Dependency Injection: Using a Setter Method within a Model

In this fifth part of a six-part series on the dependency injection pattern, I explore the implementation of the pattern by using a simple setter method within a model class. You’ll see that this approach is very easy to follow.

While not as widely known as other popular design patterns like Singleton and Factory, the dependency injection pattern is a powerful programming methodology that allows you to define the way that one given class is going to accept additional objects that it requires to work as expected.

In the case of PHP 5, there are two major trends that most developers stick to when it comes to implementing dependency injection within a certain application: the first one relies on injecting the dependency of a class via its constructor, while the second approach does this, but by means of a setter method instead. Of course, both approaches use aggregation to deal with a class’s dependency, since in this case, composition contradicts the schema imposed by the Inversion of Control principle.

All of these buzzwords should be pretty familiar to you at this point, because over the course of the tutorials that preceded this one I explained how to apply the dependency injection pattern. If you go back to the previous part of this series, then you’ll recall that I left off discussing how to use the “injection by constructor” approach with a couple of basic classes.

In this specific example, the first of these classes was a simple MySQL handler, while the second one was a model class that required the functionality of the first to interact with a predefined MySQL table. This fictional scenario showed that it’s very easy to combine the power of dependency injection with the benefits of the Model-View-Controller pattern within a single application.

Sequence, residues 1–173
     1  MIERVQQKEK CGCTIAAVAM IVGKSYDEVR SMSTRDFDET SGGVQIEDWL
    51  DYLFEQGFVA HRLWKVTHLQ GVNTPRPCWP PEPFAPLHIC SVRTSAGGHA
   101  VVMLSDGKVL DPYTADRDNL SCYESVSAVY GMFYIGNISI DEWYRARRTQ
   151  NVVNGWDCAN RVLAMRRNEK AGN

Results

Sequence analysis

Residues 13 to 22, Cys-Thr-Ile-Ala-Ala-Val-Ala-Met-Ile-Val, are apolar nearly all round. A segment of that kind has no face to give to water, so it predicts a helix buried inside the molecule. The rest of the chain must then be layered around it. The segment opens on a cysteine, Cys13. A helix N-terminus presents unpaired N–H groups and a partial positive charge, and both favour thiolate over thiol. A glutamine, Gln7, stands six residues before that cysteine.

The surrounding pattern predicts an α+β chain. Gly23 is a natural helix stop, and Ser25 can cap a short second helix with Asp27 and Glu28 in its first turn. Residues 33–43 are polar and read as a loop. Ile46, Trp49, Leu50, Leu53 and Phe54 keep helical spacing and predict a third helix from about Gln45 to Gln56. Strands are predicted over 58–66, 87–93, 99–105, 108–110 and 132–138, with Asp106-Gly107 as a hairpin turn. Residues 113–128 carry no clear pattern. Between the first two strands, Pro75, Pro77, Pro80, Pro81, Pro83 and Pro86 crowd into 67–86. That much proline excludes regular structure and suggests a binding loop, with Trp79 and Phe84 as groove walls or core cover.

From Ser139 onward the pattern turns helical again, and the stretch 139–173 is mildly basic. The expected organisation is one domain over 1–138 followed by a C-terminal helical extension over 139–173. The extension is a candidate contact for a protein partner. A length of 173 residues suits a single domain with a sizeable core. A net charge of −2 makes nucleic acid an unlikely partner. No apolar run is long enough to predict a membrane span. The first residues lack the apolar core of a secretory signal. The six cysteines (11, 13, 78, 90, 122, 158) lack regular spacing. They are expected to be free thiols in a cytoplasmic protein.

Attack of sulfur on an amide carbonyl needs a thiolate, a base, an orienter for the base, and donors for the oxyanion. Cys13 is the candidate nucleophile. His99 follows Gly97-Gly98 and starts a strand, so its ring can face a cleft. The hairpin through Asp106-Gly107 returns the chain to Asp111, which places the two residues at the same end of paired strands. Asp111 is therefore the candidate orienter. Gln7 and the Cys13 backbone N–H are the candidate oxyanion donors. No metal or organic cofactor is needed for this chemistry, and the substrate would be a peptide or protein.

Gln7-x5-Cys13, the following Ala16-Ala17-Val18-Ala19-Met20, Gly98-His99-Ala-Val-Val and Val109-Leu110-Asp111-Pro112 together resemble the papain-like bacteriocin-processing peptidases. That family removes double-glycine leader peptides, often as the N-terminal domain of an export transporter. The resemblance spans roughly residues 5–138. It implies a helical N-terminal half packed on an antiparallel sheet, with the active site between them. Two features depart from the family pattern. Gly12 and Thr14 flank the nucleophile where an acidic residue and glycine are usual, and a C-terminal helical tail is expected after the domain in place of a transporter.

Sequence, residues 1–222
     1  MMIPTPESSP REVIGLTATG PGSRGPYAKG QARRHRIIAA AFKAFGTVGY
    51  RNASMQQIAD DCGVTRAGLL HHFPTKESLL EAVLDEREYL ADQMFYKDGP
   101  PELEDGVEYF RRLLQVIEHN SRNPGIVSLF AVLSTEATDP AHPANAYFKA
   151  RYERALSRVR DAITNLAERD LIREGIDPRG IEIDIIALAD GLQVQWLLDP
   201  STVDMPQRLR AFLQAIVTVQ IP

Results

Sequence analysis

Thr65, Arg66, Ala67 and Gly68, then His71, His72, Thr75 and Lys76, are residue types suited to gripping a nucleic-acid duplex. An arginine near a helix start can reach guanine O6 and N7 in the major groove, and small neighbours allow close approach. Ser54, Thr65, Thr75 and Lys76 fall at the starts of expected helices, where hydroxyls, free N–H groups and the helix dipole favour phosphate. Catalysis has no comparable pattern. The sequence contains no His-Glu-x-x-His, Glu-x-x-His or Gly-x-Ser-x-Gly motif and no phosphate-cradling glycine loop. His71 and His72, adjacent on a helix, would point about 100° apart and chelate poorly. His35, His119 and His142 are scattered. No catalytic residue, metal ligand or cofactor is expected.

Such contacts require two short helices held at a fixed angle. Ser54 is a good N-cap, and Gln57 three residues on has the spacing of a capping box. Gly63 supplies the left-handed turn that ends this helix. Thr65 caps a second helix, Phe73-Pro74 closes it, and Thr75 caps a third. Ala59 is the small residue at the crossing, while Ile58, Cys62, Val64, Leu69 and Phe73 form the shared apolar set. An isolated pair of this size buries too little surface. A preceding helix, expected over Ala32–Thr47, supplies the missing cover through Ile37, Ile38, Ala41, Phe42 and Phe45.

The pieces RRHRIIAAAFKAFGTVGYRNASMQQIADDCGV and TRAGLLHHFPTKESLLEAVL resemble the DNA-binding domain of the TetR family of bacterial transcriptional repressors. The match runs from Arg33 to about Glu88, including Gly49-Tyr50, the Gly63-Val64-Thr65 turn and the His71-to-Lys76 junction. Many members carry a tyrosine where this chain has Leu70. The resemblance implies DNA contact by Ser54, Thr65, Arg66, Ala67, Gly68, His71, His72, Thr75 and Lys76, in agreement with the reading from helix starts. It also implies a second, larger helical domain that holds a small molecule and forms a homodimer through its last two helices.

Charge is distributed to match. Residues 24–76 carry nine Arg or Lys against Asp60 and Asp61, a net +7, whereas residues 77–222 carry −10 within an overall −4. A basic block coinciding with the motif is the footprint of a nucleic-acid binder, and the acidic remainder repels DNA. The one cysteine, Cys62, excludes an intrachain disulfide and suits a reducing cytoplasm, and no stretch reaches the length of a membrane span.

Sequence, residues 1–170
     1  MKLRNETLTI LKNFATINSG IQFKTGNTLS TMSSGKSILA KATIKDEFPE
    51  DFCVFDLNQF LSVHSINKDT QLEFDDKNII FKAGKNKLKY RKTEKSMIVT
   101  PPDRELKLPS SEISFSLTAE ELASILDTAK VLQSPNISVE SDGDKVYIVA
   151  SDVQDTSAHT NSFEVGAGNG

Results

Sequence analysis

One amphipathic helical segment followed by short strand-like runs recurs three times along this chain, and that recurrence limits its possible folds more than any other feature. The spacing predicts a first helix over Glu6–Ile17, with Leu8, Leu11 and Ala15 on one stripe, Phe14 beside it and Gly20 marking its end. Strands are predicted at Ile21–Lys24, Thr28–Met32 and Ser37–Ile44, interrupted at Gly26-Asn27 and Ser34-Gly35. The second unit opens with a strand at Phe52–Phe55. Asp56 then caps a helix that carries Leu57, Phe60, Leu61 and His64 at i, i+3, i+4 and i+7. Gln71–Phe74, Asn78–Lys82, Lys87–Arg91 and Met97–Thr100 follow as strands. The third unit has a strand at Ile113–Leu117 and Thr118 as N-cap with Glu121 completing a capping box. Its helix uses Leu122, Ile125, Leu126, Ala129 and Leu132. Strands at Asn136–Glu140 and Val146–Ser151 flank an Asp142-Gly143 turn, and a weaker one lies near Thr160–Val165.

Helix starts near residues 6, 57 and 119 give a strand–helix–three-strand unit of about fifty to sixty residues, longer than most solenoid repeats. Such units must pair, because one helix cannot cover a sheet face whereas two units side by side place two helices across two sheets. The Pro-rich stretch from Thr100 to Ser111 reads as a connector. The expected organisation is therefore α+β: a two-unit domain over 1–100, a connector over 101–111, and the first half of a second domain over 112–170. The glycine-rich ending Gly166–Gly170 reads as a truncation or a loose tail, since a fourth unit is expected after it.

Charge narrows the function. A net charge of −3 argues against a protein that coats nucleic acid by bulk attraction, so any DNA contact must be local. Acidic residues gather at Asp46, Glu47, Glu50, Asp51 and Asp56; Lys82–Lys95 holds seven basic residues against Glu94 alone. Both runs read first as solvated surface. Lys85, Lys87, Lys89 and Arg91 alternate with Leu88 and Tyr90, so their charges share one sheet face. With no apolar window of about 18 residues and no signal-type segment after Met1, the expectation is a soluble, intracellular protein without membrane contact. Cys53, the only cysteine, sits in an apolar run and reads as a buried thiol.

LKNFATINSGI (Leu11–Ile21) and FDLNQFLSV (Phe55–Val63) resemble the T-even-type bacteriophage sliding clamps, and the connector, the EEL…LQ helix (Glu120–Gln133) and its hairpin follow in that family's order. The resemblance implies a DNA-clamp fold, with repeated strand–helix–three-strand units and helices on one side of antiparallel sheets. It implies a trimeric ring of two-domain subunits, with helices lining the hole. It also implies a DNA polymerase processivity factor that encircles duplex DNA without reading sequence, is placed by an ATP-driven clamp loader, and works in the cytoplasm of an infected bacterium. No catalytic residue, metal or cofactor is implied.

However, as I said a moment ago, dependency injection can also be achieved with a setter method. So, in this installment I’m going to explain how to use this approach with the pair of sample classes previously mentioned.

Want to see how this will be done? Then begin reading!

{mospagebreak title=Review: the Model-View-Controller and Dependency Injection Patterns}

In the previous article of this series I discussed how to apply the dependency injection pattern via a constructor method, which was coded inside a model class. Below I reintroduced the complete definitions of the classes that comprised this example, starting with the source code corresponding to the MySQL database handler mentioned at the beginning.

Here’s how this particular class was defined originally:

class MySQL

{

private $result = NULL;

private $link = NULL;

private static $instance = NULL;

 

// returns a singleton instance of MySQL class (chainable)

public static function factory($host, $user, $password, $database)

{

if (self::$instance === NULL)

{

self::$instance = new MySQL($host, $user, $password, $database);

}

return self::$instance;

}

// connect to MySQL

public function __construct($host, $user, $password, $database)

{

if (FALSE === ($this->link = mysqli_connect($host, $user, $password, $database)))

{

throw new Exception(‘Error : ‘ . mysqli_connect_error());

}

}

 

// perform query

public function query($query)

{

if (is_string($query) AND empty($query) === FALSE)

{

if (FALSE === ($this->result = mysqli_query($this->link, $query)))

{

throw new Exception(‘Error performing query ‘ . $query . ‘ Error message :’ .mysqli_error($this->link));

}

}

}

 

// fetch row from result set

public function fetch()

{

if (FALSE === ($row = mysqli_fetch_assoc($this->result)))

{

mysqli_free_result($this->result);

return FALSE;

}

return $row;

}

 

// get insertion ID

public function getInsertID()

{

return mysqli_insert_id($this->link);

}

// count rows in result set

public function countRows()

{

if ($this->result !== NULL)

{

return mysqli_num_rows($this->result);

}

}

// implement destructor to close the database connection

function __destruct()

{

mysqli_close($this->link);

}

}

Certainly, there’s not much to be said about the logic driving the previous “MySQL” class, since all that it does is build a simple abstraction layer that allows you to perform common operations against a selected MySQL database through a simple API. Period.